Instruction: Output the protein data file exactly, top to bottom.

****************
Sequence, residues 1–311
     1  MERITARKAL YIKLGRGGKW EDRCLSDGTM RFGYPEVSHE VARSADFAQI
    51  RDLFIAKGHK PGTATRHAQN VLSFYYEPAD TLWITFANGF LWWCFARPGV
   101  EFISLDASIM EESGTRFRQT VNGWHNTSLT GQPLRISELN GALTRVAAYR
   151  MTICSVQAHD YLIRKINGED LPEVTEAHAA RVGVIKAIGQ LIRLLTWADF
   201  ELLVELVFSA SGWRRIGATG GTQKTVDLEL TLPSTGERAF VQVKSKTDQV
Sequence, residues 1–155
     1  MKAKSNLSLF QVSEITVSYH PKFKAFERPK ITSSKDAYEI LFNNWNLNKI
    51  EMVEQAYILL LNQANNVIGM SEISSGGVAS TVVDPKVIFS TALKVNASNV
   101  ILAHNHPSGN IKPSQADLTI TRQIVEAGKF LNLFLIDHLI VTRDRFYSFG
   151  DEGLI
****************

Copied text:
Sequence, residues 1–311
     1  MERITARKAL YIKLGRGGKW EDRCLSDGTM RFGYPEVSHE VARSADFAQI
    51  RDLFIAKGHK PGTATRHAQN VLSFYYEPAD TLWITFANGF LWWCFARPGV
   101  EFISLDASIM EESGTRFRQT VNGWHNTSLT GQPLRISELN GALTRVAAYR
   151  MTICSVQAHD YLIRKINGED LPEVTEAHAA RVGVIKAIGQ LIRLLTWADF
   201  ELLVELVFSA SGWRRIGATG GTQKTVDLEL TLPSTGERAF VQVKSKTDQV
Sequence, residues 1–155
     1  MKAKSNLSLF QVSEITVSYH PKFKAFERPK ITSSKDAYEI LFNNWNLNKI
    51  EMVEQAYILL LNQANNVIGM SEISSGGVAS TVVDPKVIFS TALKVNASNV
   101  ILAHNHPSGN IKPSQADLTI TRQIVEAGKF LNLFLIDHLI VTRDRFYSFG
   151  DEGLI